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Research may explain earthquakes in subduction zones

Cracks in lawsonite from high temperature and pressure


The mineral lawsonite undergoes brittle failure at high temperature and pressure, as evidenced by the cracks seen in this image. That brittleness could trigger earthquakes in subduction zones where lawsonite is present.

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A study by Brown University shows strong evidence that water squeezed out of a mineral called lawsonite could be a trigger for earthquakes that occur deep beneath the Earth’s surface in subduction zones, regions where one tectonic plate slides beneath another.

Subduction zones are some of the most seismically active areas on Earth. Earthquakes in these spots that occur close to the surface can be devastating, like the one that struck Japan in 2011 triggering the Fukushima nuclear disaster. But quakes also occur commonly in the subducting crust as it pushes deep below the surface at depths between 70 and 300 kilometers. These quakes, known as intermediate depth earthquakes, tend to be less damaging, but can still rattle buildings.

Intermediate depth quakes have long been something of a mystery to geologists. "They’re enigmatic because the pressures are so high at that depth that the normal process of frictional sliding associated with earthquakes is inhibited," said Greg Hirth, professor of Earth, environmental and planetary sciences at Brown. "The forces required to get things to slip just aren’t there."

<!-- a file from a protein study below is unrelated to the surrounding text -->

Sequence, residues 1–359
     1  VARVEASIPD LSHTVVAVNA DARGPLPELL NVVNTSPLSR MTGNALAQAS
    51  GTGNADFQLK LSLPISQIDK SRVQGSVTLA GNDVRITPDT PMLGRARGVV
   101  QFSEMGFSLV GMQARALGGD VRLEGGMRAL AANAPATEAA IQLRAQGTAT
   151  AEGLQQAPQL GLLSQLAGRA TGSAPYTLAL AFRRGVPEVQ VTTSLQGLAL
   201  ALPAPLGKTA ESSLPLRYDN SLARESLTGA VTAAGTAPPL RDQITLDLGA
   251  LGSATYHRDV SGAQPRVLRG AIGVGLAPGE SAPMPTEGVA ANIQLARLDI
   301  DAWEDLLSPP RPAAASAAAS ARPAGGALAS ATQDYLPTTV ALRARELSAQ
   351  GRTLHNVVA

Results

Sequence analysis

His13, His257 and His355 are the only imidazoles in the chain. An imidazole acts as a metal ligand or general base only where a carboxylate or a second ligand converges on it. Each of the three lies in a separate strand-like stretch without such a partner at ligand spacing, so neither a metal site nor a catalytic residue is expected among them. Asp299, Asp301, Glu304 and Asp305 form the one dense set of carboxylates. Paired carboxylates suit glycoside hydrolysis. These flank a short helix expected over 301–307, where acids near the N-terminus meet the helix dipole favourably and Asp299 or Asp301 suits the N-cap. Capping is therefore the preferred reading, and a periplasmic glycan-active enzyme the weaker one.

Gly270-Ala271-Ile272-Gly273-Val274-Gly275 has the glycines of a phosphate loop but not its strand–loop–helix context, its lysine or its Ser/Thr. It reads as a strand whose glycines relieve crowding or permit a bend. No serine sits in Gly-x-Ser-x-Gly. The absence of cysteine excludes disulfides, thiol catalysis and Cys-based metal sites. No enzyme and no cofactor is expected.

Now, research in the lab by Hirth and postdoctoral researcher Keishi Okazaki has found that as water escapes from lawsonite at high temperatures and pressures, the mineral becomes prone to the kind of brittle failure required to trigger an earthquake.

"Keishi's experiments were basically the first tests at conditions appropriate for where these earthquakes actually happen in the Earth," Hirth said. "They’re really the first to show strong evidence for this dehydration embrittlement."

This research was supported by the National Science Foundation (grants OCE 10-49582 and EAR 13-15784).

To learn more about this research, see the NSF News From the Field story Research may explain mysterious deep earthquakes in subduction zones. (Date image taken: 2016; date originally posted to NSF Multimedia Gallery: Jan. 10, 2017)

Credit: Hirth Lab/Brown University

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